It feels like Nickolas Duarte has been heading towards “Jay” in all of the films he has made that I’ve seen, and indeed, he has spent five years working on the short documentary. This feels like a natural progression from “Joke” and “What You Need” and “Sea Change” and “Sultan of the Sea” because of its oddity, its originality, its use of humor, and finally, the big heart that comes out of its unique subject. In this case, Jay Petersen, an artist whose inspiration comes from a unique place.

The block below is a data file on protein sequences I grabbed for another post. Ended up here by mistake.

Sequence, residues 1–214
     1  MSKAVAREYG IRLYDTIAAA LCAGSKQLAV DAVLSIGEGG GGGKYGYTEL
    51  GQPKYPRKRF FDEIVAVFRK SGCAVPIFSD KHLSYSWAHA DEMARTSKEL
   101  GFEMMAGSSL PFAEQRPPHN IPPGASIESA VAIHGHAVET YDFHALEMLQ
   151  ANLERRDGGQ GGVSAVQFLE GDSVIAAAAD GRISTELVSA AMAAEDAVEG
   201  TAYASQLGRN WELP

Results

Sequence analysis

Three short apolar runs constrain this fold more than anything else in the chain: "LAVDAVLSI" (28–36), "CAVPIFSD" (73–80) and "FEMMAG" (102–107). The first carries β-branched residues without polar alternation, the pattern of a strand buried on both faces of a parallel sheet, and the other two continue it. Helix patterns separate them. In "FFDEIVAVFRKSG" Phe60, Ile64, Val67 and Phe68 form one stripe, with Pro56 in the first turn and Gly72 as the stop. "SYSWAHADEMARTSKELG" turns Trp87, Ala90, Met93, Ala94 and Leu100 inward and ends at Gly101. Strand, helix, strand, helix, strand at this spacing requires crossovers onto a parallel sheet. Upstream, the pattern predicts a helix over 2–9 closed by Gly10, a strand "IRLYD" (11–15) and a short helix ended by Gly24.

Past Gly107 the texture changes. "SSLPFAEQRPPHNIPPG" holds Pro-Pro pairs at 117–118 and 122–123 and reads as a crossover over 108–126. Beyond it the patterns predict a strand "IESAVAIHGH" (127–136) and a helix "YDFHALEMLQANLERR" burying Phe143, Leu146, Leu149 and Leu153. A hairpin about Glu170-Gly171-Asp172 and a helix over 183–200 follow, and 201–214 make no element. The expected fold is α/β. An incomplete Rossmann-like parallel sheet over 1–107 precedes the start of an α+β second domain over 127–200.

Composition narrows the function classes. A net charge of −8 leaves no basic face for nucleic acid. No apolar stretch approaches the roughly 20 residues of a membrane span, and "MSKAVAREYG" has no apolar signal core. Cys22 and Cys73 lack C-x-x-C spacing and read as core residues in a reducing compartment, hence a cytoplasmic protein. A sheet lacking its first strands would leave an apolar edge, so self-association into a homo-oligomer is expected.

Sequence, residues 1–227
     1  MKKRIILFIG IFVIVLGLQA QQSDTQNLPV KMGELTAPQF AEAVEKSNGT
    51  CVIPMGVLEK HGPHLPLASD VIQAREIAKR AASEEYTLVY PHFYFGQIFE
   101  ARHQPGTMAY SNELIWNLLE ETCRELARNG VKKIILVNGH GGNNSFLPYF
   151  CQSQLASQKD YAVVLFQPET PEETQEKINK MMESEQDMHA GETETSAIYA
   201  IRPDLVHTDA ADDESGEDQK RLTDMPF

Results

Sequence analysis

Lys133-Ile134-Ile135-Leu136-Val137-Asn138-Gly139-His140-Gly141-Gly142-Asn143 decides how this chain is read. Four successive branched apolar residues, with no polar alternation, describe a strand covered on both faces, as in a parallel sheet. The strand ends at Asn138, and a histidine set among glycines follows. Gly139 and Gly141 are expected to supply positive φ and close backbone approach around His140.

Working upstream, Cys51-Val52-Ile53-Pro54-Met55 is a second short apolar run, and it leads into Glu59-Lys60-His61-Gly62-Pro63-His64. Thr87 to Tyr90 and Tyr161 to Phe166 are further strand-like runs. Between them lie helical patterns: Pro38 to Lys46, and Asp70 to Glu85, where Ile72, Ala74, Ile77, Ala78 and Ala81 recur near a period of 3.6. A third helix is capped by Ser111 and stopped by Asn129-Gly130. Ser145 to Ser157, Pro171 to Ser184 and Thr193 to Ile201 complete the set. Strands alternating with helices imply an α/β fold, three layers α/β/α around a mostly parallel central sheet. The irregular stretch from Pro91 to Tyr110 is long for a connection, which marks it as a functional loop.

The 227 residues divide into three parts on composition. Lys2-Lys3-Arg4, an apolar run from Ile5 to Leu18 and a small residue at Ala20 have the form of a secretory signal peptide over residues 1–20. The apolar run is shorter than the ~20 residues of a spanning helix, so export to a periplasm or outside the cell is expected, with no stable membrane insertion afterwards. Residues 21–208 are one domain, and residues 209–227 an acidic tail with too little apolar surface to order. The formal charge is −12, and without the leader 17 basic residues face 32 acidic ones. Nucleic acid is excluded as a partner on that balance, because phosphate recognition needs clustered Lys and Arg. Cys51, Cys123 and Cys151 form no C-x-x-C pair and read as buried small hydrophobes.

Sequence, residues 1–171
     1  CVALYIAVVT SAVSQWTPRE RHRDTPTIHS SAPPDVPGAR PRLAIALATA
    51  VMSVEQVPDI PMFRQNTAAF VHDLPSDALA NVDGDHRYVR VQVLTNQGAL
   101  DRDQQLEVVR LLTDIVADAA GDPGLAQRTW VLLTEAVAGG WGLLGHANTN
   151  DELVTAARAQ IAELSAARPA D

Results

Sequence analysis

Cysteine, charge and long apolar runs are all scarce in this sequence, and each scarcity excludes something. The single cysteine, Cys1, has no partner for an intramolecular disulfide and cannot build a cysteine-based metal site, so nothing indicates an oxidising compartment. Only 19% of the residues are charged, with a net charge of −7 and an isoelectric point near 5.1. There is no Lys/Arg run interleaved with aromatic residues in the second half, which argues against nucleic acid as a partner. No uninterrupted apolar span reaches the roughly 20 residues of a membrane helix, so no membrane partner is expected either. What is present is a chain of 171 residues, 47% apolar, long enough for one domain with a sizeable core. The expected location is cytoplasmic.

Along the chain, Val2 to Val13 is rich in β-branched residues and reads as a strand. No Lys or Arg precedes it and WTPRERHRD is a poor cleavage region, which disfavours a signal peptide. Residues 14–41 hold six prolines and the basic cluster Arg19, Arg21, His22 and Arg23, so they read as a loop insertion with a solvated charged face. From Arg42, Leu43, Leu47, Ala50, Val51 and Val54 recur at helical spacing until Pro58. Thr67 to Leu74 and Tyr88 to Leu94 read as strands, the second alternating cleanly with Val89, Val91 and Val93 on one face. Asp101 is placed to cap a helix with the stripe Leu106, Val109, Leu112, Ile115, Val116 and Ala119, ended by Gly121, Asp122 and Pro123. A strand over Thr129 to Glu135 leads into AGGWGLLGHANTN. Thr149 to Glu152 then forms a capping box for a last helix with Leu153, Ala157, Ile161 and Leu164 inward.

I really don’t want to give away anything from this film, because a big part of the film’s success comes from how surprising and unexpected Petersen’s life has been. His upbringing, his acceptance of himself, and the pain of what happened during his growing up in a rural place, which was marked by abuse, all appear to have informed his worldview, and likely, has led to the type of art he makes now. I found myself reminded of Errol Morris’s “Gates of Heaven,” and it would not be surprising if that’s what inspired Duarte while making this film, as well. It would be easy to dismiss Petersen as a bit loony, but the fact is, he’s sincere about where his creativity comes from, and the people he does paintings for are profoundly grateful of what he’s done, and frankly, the work is too beautiful to doubt how it was inspired. This is a sincere, objective look at artistic creation that goes beyond our preconceived notions of where art comes from, and it’s as poetic as any portrait of an artist has ever been. It’s impossible not to be inspired by Petersen, and Duarte’s film about him is a powerful act of courage, about a singular individual who personifies the courage needed to be yourself, both as an artist, and as a person.